Page 146 
Again within Science Curriculum for year 2 (6-7 year olds) in the guidelines about reproduction and growth we get this sentence. "They should also be introduced to the processes of reproduction and growth in animals. The focus at this stage should 
be on questions that help pupils to recognise growth; they should not be expected to understand how reproduction occurs." Information on how reproduction occurs is core to helping children and young people stay safe.  

Page 163
Still in science Curriculum now up to year 5 (9-10 year olds). It says in the statutory side "Pupils should be taught to describe the changes as humans develop from birth to old 
age." but I think they have sadly pushed the most important part of this for this age group into the Non-Statutory section. "They should learn about the changes experienced in puberty." If this isn't statutory some skills will miss it completely or cover it very badly. 


Overall I'm disappointed. From an SRE perspective I think the Government has missed an opportunity to bring SRE into the heart of the curriculum. The best steps forward have been in recognising the need for online safety but even these sections are weak, failing to clarify the need to cover how the online world is shaping and influencing young people's view of sex and relationships. 

I wonder if now is the time for professionals in the SRE field to rethink our approach. With this curriculum and the growing number of academies who can just ignore this curriculum is statutory SRE in schools what we should be chasing? Should we take all the energy we have put into pushing for national high standards of statutory SRE and redirect that energy. Should we focus our energy on local SRE guideline. County wide or even school by school should we be offering to help shape the local agenda for SRE. Most school recognise the need for something but many just do a bad job (for many reasons). Should we focus all our energy on helping schools implement strong, holistic and evidence based SRE initiatives. Would this be a better use of our time and energy OR am I being defeatist?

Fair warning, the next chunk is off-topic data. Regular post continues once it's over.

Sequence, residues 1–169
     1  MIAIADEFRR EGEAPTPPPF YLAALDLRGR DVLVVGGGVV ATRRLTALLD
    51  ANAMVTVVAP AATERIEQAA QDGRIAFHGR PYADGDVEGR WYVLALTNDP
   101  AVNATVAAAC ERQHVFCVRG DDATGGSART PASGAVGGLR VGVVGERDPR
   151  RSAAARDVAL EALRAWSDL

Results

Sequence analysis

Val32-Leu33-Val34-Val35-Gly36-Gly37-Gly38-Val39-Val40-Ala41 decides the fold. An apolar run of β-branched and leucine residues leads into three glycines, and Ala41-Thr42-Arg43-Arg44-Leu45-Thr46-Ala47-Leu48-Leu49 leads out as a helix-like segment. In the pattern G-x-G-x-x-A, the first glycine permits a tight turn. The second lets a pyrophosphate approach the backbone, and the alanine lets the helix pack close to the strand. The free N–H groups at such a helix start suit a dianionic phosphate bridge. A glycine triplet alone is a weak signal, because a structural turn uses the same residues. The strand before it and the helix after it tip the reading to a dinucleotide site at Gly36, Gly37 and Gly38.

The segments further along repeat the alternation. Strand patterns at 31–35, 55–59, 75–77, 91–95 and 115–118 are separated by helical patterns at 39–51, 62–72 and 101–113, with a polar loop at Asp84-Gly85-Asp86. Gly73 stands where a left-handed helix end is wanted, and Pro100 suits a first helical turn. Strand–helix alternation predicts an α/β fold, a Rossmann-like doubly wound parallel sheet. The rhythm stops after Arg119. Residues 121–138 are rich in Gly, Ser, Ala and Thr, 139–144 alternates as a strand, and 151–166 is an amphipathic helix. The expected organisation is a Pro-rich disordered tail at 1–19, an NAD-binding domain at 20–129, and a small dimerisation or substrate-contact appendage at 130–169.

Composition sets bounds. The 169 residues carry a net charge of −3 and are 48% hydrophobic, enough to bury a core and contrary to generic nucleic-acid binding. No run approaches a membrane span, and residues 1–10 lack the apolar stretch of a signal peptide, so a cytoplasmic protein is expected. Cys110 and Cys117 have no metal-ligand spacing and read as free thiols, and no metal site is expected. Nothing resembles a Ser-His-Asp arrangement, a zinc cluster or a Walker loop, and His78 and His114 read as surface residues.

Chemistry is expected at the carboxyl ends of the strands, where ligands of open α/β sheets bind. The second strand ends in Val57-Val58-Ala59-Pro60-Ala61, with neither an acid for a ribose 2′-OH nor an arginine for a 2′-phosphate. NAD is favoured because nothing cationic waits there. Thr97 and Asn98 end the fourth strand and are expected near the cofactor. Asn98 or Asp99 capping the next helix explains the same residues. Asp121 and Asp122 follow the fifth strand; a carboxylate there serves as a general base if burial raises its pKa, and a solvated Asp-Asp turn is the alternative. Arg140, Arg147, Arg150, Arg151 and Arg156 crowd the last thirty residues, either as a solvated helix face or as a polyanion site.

Friday, 5 July 2013

Update on myMP opposing compulsory SRE

After getting a brush off answer to start with I'm starting to get better response from my MP about why he does not vote for teaching young people about Consent. 

This is just a short update on my previous post on my MP (Stephen Mosley) voting against Clause 20 which would have made SRE compulsory and explicitly made it clear we need to educate young people about Consent. 


This sentence is at least a genuine answer, he is claiming their was not sufficient evidence and reasons. Now immediately after reading his reply I wanted to push all the evidence I could find at him so he could realise how wrong he was and how right it would have been to vote Yes and if wants more evidence I can direct him to loads. When tweeting about this the Sex education Forum replied offering help.

The Sex education forum even has collected evidence on specifically why making it compulsory is a good idea http://www.sexeducationforum.org.uk/policy-campaigns/hands-up-for-sre.aspx. But instead of flooding him with the vast array of evidence I have chosen to give him the benefit of the doubt. Maybe he has read and understood lots of the evidence. Maybe he thinks the current evidence is lacking? Or maybe the key is in the term "sufficient reasons". So this is my reply. 


Dear Mr Mosley, 
Thank you for our second letter, it is a much clearer response to my question and I was happy to read a plain English answer. You do not believe their was "sufficient evidence and reasons" for Clause 20. Now I'm sure you can tell already from previous comment that I disagree. When I read your letter I was tempted to flood with you with a broad sweep of every drop of evidence I could find.
However, I am hopeful that you have read lots of the evidence put forward by the Sex Education Forum, Brook, National Association of Headteachers (NAHT) and Mumsnet. But you seem to believe this evidence is not sufficient. Therefore, I would like you to tell me what evidence would you require before you would vote yes to making SRE compulsory and give the issue of consent the same level of importance within the statutory curriculum as HIV has been given? What evidence do you need? Do you need more evidence of the damage of non consenting sexual activity? Or do you need more evidence of the effectiveness of school based SRE? Or do you need more evidence of the need to make it compulsory? Please help us to help you find the information you need. On the issue of "sufficient reasons" can you clarify what reasons are you looking for in decisions about what should be included in the national curriculum? 
Kind Regards
Gareth

P.S. I noticed in the letter you switched to the plural "We were therefore unconvinced". Can I ask was the vote of no decided as a group decision before you entered the debate?